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In a report full of holes, sheriff’s office exonerates federal marshals for killing antifa fugitive

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Among other claims, the report says Reinoehl fired at police first with his handgun. But that handgun was found in Reinoehl’s front pants pocket—with six full rounds in the magazine. The scenario the report depicts means he would have had to have fired a shot at police, reloaded the weapon, and stuck it back in his pants pocket before being killed by five shots to his head and torso as he emerged from the vehicle—which is unlikely at best.

An earlier, independent investigation by ProPublica and Oregon Public Broadcasting into the case raised serious issues about the Sept. 3 killing, the result of Reinoehl’s shooting of a far-right demonstrator named Aaron Danielson in downtown Portland on Aug. 29. The portrait that emerged of how the shooting transpired, including witnesses saying the police gave no warning and that Reinoehl did not display a gun, suggested that the 48-year-old fugitive was not arrested so much as he was simply executed.

Donald Trump seemingly confirmed at an October campaign rally that this was the case, commenting approvingly on the killing by telling the audience in Greenville, North Carolina, that there was no intention of arresting Reinoehl:

We sent in the U.S. Marshals, it took 15 minutes and it was over, 15 minutes and it was over … They knew who he was, they didn’t want to arrest him, and 15 minutes that ended. And they call themselves peaceful protesters.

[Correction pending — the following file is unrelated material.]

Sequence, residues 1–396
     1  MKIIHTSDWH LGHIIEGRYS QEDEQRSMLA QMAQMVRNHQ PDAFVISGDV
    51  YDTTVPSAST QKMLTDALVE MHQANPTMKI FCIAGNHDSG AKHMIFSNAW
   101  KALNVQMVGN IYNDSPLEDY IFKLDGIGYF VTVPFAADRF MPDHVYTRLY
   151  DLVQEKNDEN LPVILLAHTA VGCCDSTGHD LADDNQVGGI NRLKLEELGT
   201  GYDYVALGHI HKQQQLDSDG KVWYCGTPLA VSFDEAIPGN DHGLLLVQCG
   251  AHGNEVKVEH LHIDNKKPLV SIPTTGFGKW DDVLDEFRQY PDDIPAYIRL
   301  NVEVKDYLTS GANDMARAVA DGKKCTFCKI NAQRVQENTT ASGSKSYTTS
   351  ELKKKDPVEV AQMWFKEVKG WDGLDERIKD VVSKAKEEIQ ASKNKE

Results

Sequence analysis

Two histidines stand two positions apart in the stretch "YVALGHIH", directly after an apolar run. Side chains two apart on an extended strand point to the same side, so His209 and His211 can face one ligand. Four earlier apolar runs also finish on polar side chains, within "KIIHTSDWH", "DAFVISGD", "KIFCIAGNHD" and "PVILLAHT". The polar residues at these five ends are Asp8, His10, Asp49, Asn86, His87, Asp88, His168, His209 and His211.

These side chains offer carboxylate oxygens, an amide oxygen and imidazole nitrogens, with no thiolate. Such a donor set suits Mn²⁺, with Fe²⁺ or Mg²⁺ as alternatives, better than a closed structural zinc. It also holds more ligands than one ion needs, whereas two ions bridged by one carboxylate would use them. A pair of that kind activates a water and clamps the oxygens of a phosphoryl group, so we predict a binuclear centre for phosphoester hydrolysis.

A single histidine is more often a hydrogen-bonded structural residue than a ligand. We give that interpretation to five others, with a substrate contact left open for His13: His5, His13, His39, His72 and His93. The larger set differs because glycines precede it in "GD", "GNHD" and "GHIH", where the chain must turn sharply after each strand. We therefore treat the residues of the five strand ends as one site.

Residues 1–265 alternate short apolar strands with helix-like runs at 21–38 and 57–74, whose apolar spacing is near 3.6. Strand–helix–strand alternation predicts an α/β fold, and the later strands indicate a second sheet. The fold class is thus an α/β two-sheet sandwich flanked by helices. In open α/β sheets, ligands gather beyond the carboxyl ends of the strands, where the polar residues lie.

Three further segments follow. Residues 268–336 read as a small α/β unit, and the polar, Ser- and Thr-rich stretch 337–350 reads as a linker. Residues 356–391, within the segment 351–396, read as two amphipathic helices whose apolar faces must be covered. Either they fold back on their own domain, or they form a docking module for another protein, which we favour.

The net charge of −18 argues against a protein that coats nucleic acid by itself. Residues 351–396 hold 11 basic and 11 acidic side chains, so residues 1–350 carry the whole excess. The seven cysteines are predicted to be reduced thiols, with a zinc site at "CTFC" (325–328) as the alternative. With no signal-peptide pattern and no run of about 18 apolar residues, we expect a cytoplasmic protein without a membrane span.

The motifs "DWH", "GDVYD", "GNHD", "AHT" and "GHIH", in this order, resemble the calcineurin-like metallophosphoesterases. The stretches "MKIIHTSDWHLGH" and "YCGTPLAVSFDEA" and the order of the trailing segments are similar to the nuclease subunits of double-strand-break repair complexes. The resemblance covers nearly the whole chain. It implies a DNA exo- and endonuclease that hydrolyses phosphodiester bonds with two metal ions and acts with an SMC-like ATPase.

The shooting happened in the early evening. Reinoehl had been on the lam ever since the shooting of Danielson, and apparently was hiding out that day in a neighborhood near Lacey, Washington, some 119 miles north of Portland. He had given an interview to Vice magazine earlier in the day, telling the reporter that he had acted in self-defense. He was leaving the apartment where he had been in hiding, and had just gotten into his car when a cluster of SUVs containing U.S. Marshals Service contractors descended and surrounded him.

“We could not confirm with 100% certainty that he fired out of the car because (investigators) couldn’t find the round or where it impacted,” Thurston County Sheriff’s Lt. Cameron Simper told the Seattle Times. “But we do believe that that’s what happened.”

The Thurston investigation concludes not only that Reinoehl fired first, but that he failed to comply with orders to surrender and was reaching for a gun in his possession when he was shot. However, other witnesses, including 21 people interviewed by The New York Times, said they did not hear officers identify themselves or give commands before opening fire.

“There was no, ‘Get out of the car!’ There was no, ‘Stop!’ There was no nothing. They just got out of the car and started shooting,” one witness said.

Another described it similarly: “There was no yelling. There was no screaming. There was no altercation. It was just straight to gunshots.”

Reinoehl’s family has a lot of questions about the report’s exoneration of law enforcement’s actions that day. Their attorney, Fred Langer of Seattle, told Oregon Public Broadcasting that investigators’ version of the facts of the case “absolutely strain credulity.”

“The narrative that police are putting out just doesn’t make any sense,” said Langer.

Investigators haven’t released their full report, but the Thurston Sheriff’s Office said last week that it had completed its review and turned it over to prosecutors for a final ruling on whether the killing was justified. It issued a two-page summary of findings that said, based on officer and witness statements, Reinoehl was reaching for a firearm in his possession.

Citing “witness statements,” the summary stated, “there was an exchange of gunfire, which was initiated by Reinoehl from inside his vehicle.”

A .380 caliber shell casing found in the back seat area of Reinoehl’s car came “from the pistol found in Reinoehl’s possession” after he was shot, according to analysts at the state crime lab, and the same gun was also definitively linked to Danielson’s shooting in Portland, according to Simper.